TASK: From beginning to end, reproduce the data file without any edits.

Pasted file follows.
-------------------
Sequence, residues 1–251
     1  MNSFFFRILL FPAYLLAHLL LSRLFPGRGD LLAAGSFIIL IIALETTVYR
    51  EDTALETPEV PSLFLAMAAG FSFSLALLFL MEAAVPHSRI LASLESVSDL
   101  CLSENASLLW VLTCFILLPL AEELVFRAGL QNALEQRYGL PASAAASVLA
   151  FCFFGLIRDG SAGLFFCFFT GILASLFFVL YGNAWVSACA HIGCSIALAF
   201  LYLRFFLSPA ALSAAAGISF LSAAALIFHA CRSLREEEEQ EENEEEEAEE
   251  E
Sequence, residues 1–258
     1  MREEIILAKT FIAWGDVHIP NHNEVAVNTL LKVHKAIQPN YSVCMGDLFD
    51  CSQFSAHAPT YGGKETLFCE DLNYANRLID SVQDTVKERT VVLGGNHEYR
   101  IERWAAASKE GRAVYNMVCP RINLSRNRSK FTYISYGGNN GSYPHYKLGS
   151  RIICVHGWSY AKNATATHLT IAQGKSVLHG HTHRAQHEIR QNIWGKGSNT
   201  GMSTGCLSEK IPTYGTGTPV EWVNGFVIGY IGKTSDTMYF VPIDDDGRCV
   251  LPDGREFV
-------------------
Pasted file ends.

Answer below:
Sequence, residues 1–251
     1  MNSFFFRILL FPAYLLAHLL LSRLFPGRGD LLAAGSFIIL IIALETTVYR
    51  EDTALETPEV PSLFLAMAAG FSFSLALLFL MEAAVPHSRI LASLESVSDL
   101  CLSENASLLW VLTCFILLPL AEELVFRAGL QNALEQRYGL PASAAASVLA
   151  FCFFGLIRDG SAGLFFCFFT GILASLFFVL YGNAWVSACA HIGCSIALAF
   201  LYLRFFLSPA ALSAAAGISF LSAAALIFHA CRSLREEEEQ EENEEEEAEE
   251  E
Sequence, residues 1–258
     1  MREEIILAKT FIAWGDVHIP NHNEVAVNTL LKVHKAIQPN YSVCMGDLFD
    51  CSQFSAHAPT YGGKETLFCE DLNYANRLID SVQDTVKERT VVLGGNHEYR
   101  IERWAAASKE GRAVYNMVCP RINLSRNRSK FTYISYGGNN GSYPHYKLGS
   151  RIICVHGWSY AKNATATHLT IAQGKSVLHG HTHRAQHEIR QNIWGKGSNT
   201  GMSTGCLSEK IPTYGTGTPV EWVNGFVIGY IGKTSDTMYF VPIDDDGRCV
   251  LPDGREFV